3 A Dog can carry a Backpack too Ruffwear my little Buddy has one of these and he loves it, it's means that he can also carry secondary equipment, first aid, spare survival tin 24 hour Ration pack and the like, great if you lose or get your pack stolen, as a rule of thumb, don’t let your dog Carry more than 1/2-2/3ds of it's body weight.
4 A Healthy dogs Natural body temperature ranges between 99f and as high as 102.5f, a full 4 degrees higher than a human great hot water bottle eh, and you don't even have to boil the kettle.
5 Dogs are natural scavengers, and so therefore their ability to find food is a: plus, A: you wont have to haul tons of dog food about and B: you might just get a meal out of it too
6 This is definitely not for the feint hearted, while your dog is alive he wont go off rot or spoil so you have food with you at all times that you don’t have to carry, and yes in a real SHTF scenario when you get hungry enough you'll definitely think about it, because others will not hesitate to, just don't eat the liver it stores too much Vitamin A so therefore it's toxic to humans.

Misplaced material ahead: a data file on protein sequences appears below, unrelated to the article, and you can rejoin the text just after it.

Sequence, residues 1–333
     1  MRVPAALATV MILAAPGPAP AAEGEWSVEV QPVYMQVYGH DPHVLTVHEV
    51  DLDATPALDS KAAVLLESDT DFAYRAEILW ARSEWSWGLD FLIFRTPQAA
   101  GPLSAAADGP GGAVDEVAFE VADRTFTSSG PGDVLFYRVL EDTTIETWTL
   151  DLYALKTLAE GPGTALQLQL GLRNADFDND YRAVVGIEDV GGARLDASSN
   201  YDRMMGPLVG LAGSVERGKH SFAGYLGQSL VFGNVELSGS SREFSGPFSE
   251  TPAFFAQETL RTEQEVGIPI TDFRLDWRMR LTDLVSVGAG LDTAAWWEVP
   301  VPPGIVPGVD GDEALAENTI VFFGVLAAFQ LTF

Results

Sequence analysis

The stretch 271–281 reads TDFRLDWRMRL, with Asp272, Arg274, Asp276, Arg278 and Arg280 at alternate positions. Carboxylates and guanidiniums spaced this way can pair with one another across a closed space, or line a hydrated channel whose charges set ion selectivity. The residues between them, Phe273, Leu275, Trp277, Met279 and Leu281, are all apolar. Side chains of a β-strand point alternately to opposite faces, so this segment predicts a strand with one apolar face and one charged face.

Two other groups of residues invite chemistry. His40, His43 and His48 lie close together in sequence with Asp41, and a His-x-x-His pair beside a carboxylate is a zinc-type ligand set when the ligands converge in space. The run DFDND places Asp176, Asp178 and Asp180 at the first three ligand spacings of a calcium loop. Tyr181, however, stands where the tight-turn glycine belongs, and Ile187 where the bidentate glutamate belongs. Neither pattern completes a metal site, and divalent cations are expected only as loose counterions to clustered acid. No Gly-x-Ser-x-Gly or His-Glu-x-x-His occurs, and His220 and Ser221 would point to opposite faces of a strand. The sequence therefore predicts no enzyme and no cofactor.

So for me the answer to the K9 Question is Yes!!

regards Ramadhiman
edit on 8-1-2013 by Ramadhiman because: corrected typo



posted on Jan, 22 2013 @ 01:01 AM
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reply to post by Carreau
 


Carreau, if you're in the southwest, please p2p me. I have a malinois that spent 7 years in Iraq as
A working dog. I can't find a breeder out here, most chips don't know what a malinois is here
He's retired and it ifs my job to get him some pups before he moves on. Thanks for your service brother.
Im willing too travel as far as Colorado at this point.